Jean Miotte was born in 1926, in Paris and died on March 1, 2016.
He was a French abstract painter, in the style known as L’Art Informel.
Jean came from creative age in war-torn Europe in the decade after World War II, when non-figurative, gestural abstraction was emerging on both sides of the Atlantic as the dominant language in contemporary art.
Trying to find what has been termed art autre, artists such as Kazuo Shiraga, Jean-Paul Riopelle, Emil Schumacher, and Miotte championed the individual freedom of the artist as expressed through gestural brushstrokes and thick pools of color.
Apparently, Miotte has stated that “My painting is a projection, a succession of acute moments where creation occurs in the midst of spiritual tension and as a result of inner conflicts.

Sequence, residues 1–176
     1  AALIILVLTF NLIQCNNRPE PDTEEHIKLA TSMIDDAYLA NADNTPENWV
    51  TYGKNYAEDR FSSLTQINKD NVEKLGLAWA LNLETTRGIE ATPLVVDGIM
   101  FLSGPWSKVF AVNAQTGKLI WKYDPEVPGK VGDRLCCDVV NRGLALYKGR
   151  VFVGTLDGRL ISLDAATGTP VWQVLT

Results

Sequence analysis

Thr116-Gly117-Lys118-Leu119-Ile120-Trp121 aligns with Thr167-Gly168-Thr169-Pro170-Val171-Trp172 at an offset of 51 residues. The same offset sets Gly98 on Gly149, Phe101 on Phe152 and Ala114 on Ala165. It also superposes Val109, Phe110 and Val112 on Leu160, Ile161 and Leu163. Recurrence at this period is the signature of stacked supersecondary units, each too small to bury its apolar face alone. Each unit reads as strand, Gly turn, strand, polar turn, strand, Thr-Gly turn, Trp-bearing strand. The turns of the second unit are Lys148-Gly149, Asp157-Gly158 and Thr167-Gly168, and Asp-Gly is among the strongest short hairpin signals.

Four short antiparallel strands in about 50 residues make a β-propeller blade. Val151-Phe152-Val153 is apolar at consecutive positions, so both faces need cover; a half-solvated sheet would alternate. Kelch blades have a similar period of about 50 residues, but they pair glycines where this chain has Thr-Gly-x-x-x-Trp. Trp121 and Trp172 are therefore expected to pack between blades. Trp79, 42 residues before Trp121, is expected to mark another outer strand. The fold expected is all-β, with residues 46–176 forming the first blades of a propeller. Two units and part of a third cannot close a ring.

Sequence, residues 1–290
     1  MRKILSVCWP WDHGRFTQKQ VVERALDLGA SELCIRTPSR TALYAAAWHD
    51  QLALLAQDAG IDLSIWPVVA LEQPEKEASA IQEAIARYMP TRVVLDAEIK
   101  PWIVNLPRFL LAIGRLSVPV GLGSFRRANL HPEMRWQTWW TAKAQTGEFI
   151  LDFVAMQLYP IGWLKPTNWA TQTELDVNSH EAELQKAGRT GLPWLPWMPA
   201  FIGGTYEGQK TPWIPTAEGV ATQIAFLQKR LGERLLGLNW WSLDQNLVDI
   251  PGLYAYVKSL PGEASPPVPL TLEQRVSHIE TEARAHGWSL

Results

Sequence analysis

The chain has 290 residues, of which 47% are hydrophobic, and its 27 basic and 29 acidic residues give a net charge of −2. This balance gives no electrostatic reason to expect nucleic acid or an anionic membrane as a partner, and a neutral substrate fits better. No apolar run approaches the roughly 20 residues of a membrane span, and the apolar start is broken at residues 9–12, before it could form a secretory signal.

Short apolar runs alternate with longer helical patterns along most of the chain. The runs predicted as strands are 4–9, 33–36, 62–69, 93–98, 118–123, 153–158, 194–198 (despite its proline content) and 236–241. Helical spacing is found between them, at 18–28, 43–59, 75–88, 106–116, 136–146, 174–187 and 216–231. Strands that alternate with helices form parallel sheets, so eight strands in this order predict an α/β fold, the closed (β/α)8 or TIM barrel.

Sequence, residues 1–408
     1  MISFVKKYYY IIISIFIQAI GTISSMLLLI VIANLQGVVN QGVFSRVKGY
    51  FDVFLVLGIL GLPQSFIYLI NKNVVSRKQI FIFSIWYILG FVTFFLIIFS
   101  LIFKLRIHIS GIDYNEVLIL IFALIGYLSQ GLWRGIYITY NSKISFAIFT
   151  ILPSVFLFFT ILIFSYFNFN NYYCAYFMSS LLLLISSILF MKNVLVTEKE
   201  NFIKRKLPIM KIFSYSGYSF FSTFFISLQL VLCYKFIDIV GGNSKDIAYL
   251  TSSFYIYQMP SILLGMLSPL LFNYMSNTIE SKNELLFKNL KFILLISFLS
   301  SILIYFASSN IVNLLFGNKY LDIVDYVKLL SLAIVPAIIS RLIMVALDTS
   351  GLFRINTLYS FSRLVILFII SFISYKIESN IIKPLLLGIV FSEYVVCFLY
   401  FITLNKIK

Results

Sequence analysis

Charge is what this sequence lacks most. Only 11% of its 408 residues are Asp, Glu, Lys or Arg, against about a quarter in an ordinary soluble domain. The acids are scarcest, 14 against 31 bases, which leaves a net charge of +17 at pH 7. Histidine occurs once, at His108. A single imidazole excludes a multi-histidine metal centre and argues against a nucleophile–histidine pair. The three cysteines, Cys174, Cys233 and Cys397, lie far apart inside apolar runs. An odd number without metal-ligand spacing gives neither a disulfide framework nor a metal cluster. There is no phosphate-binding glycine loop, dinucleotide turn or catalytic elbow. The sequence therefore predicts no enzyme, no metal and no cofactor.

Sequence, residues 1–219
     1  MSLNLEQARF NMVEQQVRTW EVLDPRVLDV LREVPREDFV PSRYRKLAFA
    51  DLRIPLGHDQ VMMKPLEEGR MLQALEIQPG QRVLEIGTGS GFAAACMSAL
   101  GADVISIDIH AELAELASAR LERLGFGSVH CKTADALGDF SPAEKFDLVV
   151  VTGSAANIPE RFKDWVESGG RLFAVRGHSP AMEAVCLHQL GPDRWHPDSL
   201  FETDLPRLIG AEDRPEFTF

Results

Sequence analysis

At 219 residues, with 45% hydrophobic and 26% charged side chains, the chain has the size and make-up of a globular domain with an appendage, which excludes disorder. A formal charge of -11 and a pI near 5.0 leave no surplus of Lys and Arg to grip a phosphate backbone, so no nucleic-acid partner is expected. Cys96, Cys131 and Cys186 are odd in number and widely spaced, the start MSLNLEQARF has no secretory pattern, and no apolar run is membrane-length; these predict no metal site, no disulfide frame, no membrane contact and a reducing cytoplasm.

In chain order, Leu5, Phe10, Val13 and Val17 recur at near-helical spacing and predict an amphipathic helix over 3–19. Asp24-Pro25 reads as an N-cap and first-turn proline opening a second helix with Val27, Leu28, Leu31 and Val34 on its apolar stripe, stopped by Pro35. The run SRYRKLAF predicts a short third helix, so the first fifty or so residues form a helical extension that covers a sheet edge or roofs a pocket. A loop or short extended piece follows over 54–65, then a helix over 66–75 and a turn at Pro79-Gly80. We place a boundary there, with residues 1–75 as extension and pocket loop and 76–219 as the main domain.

All his artistic influences include performance, choreography, jazz music, and particularly ballet.
In 1948 whilst in London, he completed designs and saw the work of Balanchine, the Diaghilev’s Ballets Russes, and Margot Fonteyn.
Being opened to this variety of art was of profound inspiration to him; Miotte would experiment with gesture through painting and home lyrical movement in his own art.
Also, Miotte’s lithe, inventive line mimics the living art of dance.
His artistic experiments in media ranging from oil to acrylic, gouache, ink, etching, lithography, and collage.
Jean Miotte use of black paint on a white or raw surface frequently recalls calligraphy; when color appears, it ranges from primaries to earthy tones.
During the 1990s, Jean started producing the canvases currently on display, the largest of his career.
Jean Miotte passed away at 90 yrs old.